FAA Looking At Latest Allegiant Safety Issue
The Federal Aviation Administration is investigating another incident involving Allegiant Airlines.
This time, according to Bloomberg News, the nose of an Allegiant jet rose off the ground during takeoff from Las Vegas’ McCarran Airport on Aug. 17, forcing the pilots to abruptly stop at 138 miles per hour on the runway to regain control of the plane.
“That is a very big deal,” John Goglia, a former member of the National Transportation Safety Board who worked as an airline mechanic, told Bloomberg. “At very minimum, they would have had control problems. In a worst-case scenario, they would have been unable to control it. It could have been a disaster.”
Allegiant said it was an elevator malfunction in the tail, which causes the plane to climb or descend.
Allegiant’s mechanics and pilots have been speaking out about what they say is the company's bare minimum approach to maintenance. This is the third time this month something has happened on an Allegiant flight.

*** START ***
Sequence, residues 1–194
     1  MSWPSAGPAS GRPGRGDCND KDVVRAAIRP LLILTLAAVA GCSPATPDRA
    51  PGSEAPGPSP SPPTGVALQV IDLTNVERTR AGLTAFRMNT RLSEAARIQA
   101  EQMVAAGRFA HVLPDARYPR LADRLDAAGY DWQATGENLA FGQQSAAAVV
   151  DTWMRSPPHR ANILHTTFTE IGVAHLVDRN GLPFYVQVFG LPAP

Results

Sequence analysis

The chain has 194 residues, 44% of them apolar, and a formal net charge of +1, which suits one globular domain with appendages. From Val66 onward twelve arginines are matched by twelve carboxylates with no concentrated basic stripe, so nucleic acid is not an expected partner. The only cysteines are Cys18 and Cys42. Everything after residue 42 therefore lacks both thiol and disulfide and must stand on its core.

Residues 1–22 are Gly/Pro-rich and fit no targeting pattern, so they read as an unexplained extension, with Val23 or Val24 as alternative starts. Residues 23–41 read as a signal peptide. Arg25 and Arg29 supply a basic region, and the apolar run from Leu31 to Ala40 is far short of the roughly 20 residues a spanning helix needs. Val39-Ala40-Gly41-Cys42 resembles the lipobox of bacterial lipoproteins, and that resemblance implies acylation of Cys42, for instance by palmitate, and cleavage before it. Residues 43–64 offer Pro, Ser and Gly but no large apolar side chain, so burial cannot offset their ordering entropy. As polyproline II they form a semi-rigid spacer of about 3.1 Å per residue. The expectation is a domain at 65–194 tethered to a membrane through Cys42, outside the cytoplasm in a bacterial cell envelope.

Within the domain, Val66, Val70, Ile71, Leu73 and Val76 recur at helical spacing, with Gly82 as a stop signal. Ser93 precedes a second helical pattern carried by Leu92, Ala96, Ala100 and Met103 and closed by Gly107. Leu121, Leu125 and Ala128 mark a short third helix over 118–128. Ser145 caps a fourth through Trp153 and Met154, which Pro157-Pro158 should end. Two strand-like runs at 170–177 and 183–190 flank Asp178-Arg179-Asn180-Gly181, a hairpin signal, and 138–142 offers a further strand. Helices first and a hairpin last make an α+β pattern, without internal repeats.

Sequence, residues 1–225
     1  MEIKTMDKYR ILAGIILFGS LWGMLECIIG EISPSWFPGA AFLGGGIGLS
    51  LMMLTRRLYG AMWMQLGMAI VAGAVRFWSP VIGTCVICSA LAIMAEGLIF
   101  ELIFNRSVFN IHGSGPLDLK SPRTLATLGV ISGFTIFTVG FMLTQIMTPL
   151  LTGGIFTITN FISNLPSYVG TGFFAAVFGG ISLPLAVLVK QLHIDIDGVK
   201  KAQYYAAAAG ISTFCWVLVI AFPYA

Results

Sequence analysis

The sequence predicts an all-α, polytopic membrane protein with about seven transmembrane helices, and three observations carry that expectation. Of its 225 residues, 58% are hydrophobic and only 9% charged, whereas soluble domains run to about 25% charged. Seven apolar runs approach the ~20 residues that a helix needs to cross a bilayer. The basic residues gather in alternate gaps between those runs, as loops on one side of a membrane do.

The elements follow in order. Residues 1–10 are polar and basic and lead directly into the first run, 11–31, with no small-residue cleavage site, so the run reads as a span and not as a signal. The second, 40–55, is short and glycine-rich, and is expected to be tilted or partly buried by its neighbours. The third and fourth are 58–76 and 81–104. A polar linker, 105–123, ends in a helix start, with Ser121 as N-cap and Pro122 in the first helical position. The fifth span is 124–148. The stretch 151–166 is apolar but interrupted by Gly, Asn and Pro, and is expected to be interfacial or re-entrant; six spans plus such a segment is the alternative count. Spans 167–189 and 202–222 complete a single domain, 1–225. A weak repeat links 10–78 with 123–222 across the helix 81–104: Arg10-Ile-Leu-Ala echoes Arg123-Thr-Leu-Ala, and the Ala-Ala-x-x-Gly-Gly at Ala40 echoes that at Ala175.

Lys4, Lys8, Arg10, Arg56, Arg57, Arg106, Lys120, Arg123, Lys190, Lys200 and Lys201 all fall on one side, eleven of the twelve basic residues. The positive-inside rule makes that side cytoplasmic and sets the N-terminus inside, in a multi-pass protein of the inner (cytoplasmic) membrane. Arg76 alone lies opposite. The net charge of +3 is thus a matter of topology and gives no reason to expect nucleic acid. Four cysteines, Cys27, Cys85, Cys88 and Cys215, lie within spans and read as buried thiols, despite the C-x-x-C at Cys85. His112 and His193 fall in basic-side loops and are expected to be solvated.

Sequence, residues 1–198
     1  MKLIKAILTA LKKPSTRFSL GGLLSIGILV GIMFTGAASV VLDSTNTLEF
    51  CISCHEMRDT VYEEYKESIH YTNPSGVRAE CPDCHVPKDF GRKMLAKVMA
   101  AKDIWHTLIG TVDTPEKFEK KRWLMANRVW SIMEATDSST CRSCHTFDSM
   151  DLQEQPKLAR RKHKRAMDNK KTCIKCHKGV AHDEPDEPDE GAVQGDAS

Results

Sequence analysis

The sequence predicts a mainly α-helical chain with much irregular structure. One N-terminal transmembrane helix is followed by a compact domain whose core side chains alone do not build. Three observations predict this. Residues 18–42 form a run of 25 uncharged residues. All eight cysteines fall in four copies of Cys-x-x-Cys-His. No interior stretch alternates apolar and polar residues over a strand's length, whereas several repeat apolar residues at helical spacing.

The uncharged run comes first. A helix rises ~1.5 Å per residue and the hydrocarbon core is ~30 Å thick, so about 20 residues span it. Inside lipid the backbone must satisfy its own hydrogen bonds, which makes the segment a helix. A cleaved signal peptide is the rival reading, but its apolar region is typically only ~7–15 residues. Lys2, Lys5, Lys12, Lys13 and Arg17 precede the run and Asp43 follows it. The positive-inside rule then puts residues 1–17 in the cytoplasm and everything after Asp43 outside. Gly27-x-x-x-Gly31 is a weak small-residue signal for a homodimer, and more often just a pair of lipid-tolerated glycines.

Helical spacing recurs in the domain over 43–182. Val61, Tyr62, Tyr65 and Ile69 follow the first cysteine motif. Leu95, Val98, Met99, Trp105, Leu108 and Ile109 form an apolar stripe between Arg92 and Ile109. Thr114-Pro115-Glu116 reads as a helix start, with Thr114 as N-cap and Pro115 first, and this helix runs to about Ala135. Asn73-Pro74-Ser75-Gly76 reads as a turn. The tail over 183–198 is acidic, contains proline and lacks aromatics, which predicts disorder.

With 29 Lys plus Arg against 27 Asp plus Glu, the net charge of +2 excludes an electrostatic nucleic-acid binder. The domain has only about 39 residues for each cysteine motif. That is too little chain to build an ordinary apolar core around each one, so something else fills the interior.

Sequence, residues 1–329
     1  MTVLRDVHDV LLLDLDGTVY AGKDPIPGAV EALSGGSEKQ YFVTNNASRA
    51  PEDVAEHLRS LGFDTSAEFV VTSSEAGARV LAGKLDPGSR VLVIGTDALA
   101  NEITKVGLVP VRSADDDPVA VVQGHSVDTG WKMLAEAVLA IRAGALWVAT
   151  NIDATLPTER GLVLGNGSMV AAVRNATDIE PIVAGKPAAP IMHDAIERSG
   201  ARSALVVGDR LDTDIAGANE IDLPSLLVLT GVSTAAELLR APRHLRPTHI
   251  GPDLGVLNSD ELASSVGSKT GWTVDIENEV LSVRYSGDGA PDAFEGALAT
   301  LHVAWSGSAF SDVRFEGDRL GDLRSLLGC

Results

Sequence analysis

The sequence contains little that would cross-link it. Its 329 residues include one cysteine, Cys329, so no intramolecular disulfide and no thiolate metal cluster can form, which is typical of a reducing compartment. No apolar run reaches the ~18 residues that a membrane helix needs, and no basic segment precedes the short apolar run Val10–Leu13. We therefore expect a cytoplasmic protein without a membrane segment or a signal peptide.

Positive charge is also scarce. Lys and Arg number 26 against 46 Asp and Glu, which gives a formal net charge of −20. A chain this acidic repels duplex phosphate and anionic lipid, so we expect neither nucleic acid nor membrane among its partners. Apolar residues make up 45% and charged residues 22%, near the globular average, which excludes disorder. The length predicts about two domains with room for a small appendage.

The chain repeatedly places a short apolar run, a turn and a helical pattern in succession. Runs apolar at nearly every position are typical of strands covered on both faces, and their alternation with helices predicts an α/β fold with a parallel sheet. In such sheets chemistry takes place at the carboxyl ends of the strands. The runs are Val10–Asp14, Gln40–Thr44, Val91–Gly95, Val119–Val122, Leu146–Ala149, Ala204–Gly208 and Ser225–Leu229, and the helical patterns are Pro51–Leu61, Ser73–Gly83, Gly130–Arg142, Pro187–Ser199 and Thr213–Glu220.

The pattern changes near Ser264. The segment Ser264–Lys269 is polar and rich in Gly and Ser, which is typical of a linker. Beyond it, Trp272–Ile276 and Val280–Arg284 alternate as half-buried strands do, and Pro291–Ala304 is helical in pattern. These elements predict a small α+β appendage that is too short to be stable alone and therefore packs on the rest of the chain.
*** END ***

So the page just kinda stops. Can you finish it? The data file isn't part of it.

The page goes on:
On Aug. 1, mechanical issues forced an Allegiant Air flight to abort a trip to Fresno, California just after takeoff from McCarran. And while witnesses heard loud noises and saw flames, officials determined that danger levels were actually quite low after examining what went wrong.
Two days later, however, an Allegiant flight made an emergency landing in Greensboro, North Carolina. The flight was traveling from St. Pete-Clearwater International Airport to Richmond, Virginia when an engine issue forced pilots to divert.
Some of the 146 passengers on board the flight reported smelling smoke and hearing unusual popping noises prior to the emergency landing announcement.
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